MADISON CO. — Multiple communities are in an uproar over a proposed solar farm in Madison County. It would span between 700 to 1,100 acres and touch several communities: Anderson, Elwood, and Frankton.
Not only are some people who live near the proposed "Lone Oak Solar Farm" in Madison County concerned about their property losing value, but they're also worried about their livestock.
"All this water is going to come out into my pasture," DuWayne Walls, who lives near the proposed solar farm, said. "My cows are going to drink it. It's going to kill my grass, maybe."
"I've talked to Invenergy, and they told me there's no negative runoffs," Lee Walls, who also lives near the proposed solar farm, said. "We've done some research and research tells us different."
The company Invenergy needs the zoning board to rezone agricultural land between C.R. 1000 to C.R. 1300 North and C.R. 600 to C.R. 350 West for exclusive use to build the solar farm.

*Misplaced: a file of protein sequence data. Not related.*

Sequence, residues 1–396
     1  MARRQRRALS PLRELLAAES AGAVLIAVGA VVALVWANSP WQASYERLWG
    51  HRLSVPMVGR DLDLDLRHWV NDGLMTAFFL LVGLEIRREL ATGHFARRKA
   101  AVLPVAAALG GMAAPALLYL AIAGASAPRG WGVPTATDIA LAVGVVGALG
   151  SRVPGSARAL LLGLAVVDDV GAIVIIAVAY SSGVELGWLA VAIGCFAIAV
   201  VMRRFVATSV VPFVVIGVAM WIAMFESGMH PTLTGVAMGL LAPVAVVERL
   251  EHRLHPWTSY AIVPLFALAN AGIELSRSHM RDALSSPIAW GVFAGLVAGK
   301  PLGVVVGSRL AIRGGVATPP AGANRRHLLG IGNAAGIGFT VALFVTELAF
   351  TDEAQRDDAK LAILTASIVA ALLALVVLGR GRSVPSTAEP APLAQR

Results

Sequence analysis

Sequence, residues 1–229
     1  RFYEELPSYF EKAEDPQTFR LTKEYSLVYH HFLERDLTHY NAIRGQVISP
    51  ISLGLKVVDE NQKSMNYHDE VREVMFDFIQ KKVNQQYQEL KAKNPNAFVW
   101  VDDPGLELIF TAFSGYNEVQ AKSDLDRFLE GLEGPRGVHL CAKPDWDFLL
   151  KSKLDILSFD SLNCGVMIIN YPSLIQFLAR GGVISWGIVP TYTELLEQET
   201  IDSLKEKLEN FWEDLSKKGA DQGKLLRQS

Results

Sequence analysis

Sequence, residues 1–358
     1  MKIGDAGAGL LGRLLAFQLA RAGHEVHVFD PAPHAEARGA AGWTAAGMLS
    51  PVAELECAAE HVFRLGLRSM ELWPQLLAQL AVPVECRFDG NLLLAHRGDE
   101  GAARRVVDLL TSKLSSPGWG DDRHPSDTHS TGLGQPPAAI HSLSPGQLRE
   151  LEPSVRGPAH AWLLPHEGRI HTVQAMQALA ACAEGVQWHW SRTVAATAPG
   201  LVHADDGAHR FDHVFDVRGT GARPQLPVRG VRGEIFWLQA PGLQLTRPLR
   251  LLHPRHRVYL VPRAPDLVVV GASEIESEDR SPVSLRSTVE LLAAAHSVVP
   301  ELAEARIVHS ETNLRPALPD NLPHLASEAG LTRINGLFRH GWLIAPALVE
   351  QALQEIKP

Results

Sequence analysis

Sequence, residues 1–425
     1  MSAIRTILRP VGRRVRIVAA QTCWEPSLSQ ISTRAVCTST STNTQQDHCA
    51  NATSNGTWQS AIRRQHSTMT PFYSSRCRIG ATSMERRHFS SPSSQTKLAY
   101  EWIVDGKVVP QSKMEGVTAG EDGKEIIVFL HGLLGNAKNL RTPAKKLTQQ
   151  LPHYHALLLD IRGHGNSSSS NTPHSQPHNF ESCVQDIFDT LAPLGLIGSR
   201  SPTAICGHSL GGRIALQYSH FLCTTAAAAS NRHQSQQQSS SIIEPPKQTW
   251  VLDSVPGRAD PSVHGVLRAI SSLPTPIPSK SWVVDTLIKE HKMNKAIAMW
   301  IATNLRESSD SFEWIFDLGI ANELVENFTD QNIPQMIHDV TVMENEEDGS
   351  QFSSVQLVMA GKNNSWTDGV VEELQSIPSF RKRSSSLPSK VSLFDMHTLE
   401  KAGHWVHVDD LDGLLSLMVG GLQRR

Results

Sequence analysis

The debate has now escalated beyond solar panels.
"I think the county looks at this as a money maker for the county," Bill Auler, who lives near the proposed solar panel, said. "They're going to tax and make money from this. Look at other ways."
Neighbors will have a chance to propose another way when speaking to the zoning board at a public hearing April 23 at 9 a.m. in the Madison County Court.
Invenergy released a statement saying there is no evidence solar projects negatively affect property values.
Madison County was chosen because of its strong solar resource, access to the existing transmission grid and keen interest from the community and project participants.
Construction could begin in late 2022 or early 2023.